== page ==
The best in lo-tech entertainment -- The greatest books, DVDs and more

The best in lo-tech entertainment

On Tour

Please Leave Quietly
Turns out the road is one big blur, at least according to this live/ behind-the-scenes doc filmed during PJ Harvey’s tour for her 2004 CD, Uh Huh Her. Heavy on handheld camera work and collage-style editing, Quietly packs a punch as raw and immediate as the enigmatic artist it shadows. Plus, who knew shy little Polly Jean — who regales us with saucy discarded album titles like Muffed Up Plucking — could be such a hoot? (Out May 23)


After Evers
Created for hoity-toity clothing label United Bamboo by a handful of Pitchfork-worthy bands (like Soft Circle, LCD Soundsystem, and Dungen), these shirts are smarter than your average concert tee. At $60 to $70 a hit, they’re not cheap — but then again, looking cool is priceless. ( or call 212-925-3311 for stores, out now)


Bang Bang Rock & Roll
If the Editors are the black-trench princes of the U.K. indie scene, and the Arctic Monkeys its brash dukes of dance rock, Art Brut are the unapologetic court jesters. Their debut, Bang Bang Rock & Roll, crackles and pops with side-of-the-mouth lyrics like ”We wanna be lapsed Catholic/Got the contraception/Haven’t got the knack yet” (from ”Good Weekend”). Manic, pogoing fun all around. (Out now)

Chulahoma-The Songs of Junior Kinbrough
In 1999, Black Keys singer Dan Auerbach was so moved after hearing the lo-fi laments of bluesman Junior Kimbrough that he quit college. ”There was nothing more those professors could help me with,” Auerbach writes in Chulahoma‘s liner notes. The Keys cover six of their hero’s tunes, keeping Kimbrough’s ragged glory intact. His widow even offers her blessing, in a poignant phone message that caps the disc, saying ”You about the only ones that really, really plays like Junior played.” (Out now)


Toys: New Designs for the Art Toy Revolution
Designer vinyl action figures may not yet be regarded by bearded museum-curator types, but as this book can attest, these highly collectible creations — like any legit art form — are energetically tapping into a zeitgeist. Sylvan creatures and blinged-out rough-necks populate the pages of this tome, which is also peppered with Q&A’s providing insights into some of the industry’s most gifted pioneers. Suddenly, that Picasso coffee-table book seems rather passé, doesn’t it? (Out now)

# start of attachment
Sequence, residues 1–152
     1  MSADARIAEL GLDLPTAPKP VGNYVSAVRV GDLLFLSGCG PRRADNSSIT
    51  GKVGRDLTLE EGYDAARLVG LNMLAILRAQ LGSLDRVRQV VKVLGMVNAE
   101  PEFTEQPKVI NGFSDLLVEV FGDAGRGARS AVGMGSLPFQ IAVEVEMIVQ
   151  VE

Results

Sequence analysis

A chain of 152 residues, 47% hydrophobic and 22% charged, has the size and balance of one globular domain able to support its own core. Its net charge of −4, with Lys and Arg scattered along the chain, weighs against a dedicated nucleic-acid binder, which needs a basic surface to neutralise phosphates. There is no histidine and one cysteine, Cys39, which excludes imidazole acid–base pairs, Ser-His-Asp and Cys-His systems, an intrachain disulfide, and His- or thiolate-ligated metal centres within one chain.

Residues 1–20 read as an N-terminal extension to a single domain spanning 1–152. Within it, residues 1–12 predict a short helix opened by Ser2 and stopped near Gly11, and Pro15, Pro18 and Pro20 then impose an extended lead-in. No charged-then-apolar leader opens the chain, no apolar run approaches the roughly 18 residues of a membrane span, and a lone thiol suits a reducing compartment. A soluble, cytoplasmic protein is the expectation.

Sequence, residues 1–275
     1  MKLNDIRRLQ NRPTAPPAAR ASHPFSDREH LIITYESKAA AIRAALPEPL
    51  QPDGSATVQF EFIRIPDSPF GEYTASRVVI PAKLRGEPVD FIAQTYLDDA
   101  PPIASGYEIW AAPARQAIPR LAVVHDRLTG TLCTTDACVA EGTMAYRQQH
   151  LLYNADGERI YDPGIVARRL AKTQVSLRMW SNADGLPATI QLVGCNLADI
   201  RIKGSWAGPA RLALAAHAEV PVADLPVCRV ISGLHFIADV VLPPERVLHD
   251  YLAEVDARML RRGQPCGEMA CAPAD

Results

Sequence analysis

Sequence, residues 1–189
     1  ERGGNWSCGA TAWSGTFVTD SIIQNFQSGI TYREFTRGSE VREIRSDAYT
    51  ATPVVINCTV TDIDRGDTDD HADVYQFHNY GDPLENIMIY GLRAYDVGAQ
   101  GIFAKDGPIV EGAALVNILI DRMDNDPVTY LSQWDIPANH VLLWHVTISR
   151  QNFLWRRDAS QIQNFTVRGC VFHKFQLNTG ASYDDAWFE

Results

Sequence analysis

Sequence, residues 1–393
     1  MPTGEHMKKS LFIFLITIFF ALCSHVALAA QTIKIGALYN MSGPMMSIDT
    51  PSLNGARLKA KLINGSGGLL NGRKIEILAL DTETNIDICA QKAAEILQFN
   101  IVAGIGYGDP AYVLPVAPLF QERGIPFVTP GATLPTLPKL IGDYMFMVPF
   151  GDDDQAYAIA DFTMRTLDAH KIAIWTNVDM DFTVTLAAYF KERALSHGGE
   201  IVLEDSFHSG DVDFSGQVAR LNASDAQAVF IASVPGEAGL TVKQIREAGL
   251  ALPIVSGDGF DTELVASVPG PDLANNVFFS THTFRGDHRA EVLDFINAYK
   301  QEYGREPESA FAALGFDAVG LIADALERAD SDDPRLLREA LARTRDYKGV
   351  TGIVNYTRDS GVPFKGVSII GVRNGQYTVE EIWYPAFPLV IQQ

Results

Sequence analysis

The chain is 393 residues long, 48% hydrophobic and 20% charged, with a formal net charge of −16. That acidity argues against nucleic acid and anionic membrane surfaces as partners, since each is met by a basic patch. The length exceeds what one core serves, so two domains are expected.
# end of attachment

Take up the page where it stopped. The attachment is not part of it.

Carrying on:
Vox Popular
Here’s a band that understands the rare virtue of leaving fans wanting more. With their EPs Raised by Wolves and Mothers, Sisters, Daughters & Wives, Voxtrot extract only the most upbeat offerings from the Smiths, adding in lovely Belle & Sebastian-style flourishes. Now go download the gently bopping gem ”The Start of Something” for free on their site ( — and put that sucker on repeat. (Both out now)


Finally, a film for those who haven’t had the wherewithal to trek out to the seven-year-old fest in the California desert. Highlights include Björk in ’02, the White Stripes in ’03, and Radiohead in ’04, with a second disc featuring short interviews with equally stellar talent like Mos Def and Tenacious D. (Out now)


On the Q.T.
What do manga heroine Lady Snowblood and British cartoon icon Modesty Blaise have in common — besides a penchant for battling evil in a state of undress? Both are beloved by Quentin Tarantino. Now you can be inspired to direct an estrogen-infused revenge flick thanks to Lady Snowblood: Vol. 1. Or, if you’re feeling lazy, read about Blaise’s adventures in The Puppet Master on the toilet?just like John Travolta in Pulp Fiction! (Both out now)


3-D Album Cover: ‘Led Zeppelin’
Is it a bird? Is it a plane? It’s a big balloon on fire — the cover of Zep’s debut in 3-D! Getting popped out later this summer: the Sex Pistols’ Never Mind the Bollocks and Metallica’s Master of Puppets, but not, mercifully, John Lennon and Yoko Ono’s nude Two Virgins. (, out now)